Pending Hawthorn Mall pact calls for $46.5 million 'pay as you go' incentive

  • The first of three phases in the $252 million redevelopment of Hawthorn Mall in Vernon Hills calls for a mix of luxury apartments, retail space and other amenities to replace the former Sears anchor store. The village is designating $46.5 million as an incentive for the project.

    The first of three phases in the $252 million redevelopment of Hawthorn Mall in Vernon Hills calls for a mix of luxury apartments, retail space and other amenities to replace the former Sears anchor store. The village is designating $46.5 million as an incentive for the project. Courtesy of Village of Vernon Hills

 
 
Updated 4/13/2021 8:20 PM

Vernon Hills plans to pay $46.5 million in incentives to help bring about the redevelopment of the 1970s-era Hawthorn Mall, long considered the village's retail centerpiece.

That amount emerged after lengthy negotiations with mall owner Centennial Real Estate. The Dallas-based company is proceeding with a $252 million plan called Hawthorn 2.0 to reinvent the 1.3 million-square-foot center at Townline Road (Route 60) and Milwaukee Avenue (Route 21).

 

Village contributions are the meat of a pending redevelopment agreement, which details conditions, schedules and obligations of both parties. The bulk of the payments would come from a tax increment financing district fund that grows as the value of property increases.

The village also is pledging 40% of the sales tax generated by the planned retail/commercial additions at Hawthorn.

As negotiated, Centennial will fund construction and other costs upfront and then receive the incentives as the project's three phases are completed.

"The village isn't putting any money into this. It's pay as you go," Village Manager Mark Fleischhauer said.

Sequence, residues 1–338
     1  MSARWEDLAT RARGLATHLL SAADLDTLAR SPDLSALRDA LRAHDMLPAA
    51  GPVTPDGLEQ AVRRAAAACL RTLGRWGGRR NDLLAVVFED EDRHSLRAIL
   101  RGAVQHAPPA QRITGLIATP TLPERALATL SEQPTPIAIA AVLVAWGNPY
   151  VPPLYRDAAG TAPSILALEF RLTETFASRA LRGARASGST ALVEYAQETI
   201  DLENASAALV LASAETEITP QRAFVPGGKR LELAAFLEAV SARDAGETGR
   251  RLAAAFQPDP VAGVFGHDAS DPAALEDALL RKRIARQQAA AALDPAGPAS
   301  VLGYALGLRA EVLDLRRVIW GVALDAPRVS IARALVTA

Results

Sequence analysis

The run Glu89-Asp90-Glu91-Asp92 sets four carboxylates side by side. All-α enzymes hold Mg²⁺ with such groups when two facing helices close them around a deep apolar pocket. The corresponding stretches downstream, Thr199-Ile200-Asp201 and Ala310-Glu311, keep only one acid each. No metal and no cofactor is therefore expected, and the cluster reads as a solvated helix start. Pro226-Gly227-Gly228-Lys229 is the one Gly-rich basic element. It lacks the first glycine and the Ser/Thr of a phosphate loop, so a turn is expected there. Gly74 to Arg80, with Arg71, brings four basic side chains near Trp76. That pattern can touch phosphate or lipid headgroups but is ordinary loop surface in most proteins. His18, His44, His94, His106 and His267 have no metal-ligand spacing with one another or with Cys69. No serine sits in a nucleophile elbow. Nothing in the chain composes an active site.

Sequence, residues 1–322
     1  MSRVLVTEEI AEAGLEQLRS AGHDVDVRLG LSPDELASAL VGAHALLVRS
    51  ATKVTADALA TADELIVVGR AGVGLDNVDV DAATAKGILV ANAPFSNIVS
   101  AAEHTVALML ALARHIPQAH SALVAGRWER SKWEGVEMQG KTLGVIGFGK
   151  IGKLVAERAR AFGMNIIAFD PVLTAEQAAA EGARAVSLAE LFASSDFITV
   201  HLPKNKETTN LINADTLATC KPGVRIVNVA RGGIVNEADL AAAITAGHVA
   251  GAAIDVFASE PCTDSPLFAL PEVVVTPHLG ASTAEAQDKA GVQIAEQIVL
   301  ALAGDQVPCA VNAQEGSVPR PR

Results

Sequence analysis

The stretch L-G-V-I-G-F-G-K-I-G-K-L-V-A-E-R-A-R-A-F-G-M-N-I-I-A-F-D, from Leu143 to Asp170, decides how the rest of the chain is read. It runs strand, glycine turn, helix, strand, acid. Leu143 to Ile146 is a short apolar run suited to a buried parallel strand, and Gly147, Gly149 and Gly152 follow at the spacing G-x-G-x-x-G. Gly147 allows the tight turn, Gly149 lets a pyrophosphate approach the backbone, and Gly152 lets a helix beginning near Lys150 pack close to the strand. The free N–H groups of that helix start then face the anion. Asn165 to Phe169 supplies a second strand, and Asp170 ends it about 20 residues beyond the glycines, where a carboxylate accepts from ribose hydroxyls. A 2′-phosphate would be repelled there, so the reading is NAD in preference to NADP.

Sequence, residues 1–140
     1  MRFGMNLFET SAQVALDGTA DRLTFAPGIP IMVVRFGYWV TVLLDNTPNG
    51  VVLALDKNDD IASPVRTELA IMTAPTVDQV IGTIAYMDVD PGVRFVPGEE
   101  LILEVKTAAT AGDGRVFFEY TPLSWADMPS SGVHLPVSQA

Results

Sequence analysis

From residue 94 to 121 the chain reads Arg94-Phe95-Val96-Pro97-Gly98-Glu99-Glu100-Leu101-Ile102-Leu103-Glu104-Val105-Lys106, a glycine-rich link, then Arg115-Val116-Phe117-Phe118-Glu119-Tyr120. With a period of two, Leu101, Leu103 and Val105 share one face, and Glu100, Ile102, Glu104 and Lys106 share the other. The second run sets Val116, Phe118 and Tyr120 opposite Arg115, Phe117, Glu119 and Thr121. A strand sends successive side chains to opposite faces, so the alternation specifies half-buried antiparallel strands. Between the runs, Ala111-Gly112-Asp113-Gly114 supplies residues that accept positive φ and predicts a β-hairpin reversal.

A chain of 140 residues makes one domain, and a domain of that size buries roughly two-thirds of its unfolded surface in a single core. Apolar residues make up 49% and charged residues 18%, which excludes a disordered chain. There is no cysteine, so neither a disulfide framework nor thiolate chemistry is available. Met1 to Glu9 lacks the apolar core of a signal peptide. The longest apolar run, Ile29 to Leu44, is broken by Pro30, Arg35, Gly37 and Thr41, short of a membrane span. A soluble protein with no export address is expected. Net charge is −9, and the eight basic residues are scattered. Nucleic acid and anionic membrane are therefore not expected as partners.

The agreement is laden with safeguards to protect the village from owing payments unless what has been promised is built. The deal also includes penalties to reduce payments if the work falls short, according to those involved in the process.

"I can't stress this enough -- they have to finish the project, each phase, in order for them to avail themselves of the village resources," said Robert Rychlicki, president of Kane, McKenna and Associates Inc., the village's economic development consultant.

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"It's in effect self-sustaining -- the proverbial carrot and the stick," Rychlicki said during a recent overview of the agreement, first introduced publicly last week.

Top executives with Centennial introduced the grand plan two years ago but said some type of incentive would be needed to proceed. Village officials agreed and designated much of the mall property as a tax increment financing district to provide that funding.

A TIF district is an economic development incentive in which property tax disbursements to local governments are frozen, typically for 23 years. Any additional tax revenue generated by rising property values as a result of development goes into a special fund to pay for improvements within the district.

How much TIF money Vernon Hills designates for the mall project and how it is disbursed have been topics of a complicated negotiation that has involved dozens of people and hundreds of hours.

                                                                                                                                                                                                                       
 

Village officials described the agreement as "fair and equitable" to all parties.

In fact, Hawthorn Elementary District 73 potentially could receive nearly $18 million over the life of the TIF district -- much more than required by state law.

"There's a tightrope between making sure that you get the private investment in the area and also contributing just enough to make it work," Rychlicki said.

Centennial's initially asked for $58 million, but the deal was negotiated down to $46.5 million, he said.

The project is planned for three phases. Phase 1 is pegged at $152 million and calls for the former Sears anchor store to be demolished. In its place would be 313 luxury apartments, 83,342 square feet of commercial space, a 12,500-square-foot patio for public entertainment and other activities, and a 570-stall parking garage along a new Main Street-style mall entry called Hawthorn Row.

Only the slab of the Sears remains and construction of new features should be visible in mid-May. The retail portion is expected to open in summer 2022 followed by the apartments that fall.

Phase 2 envisions 249 more apartments and Phase 3 calls for the former Carson's anchor store to be demolished and replaced with 100,000 square feet of commercial space. According to the agreement, Phase 3 must be complete by Jan. 1, 2028.

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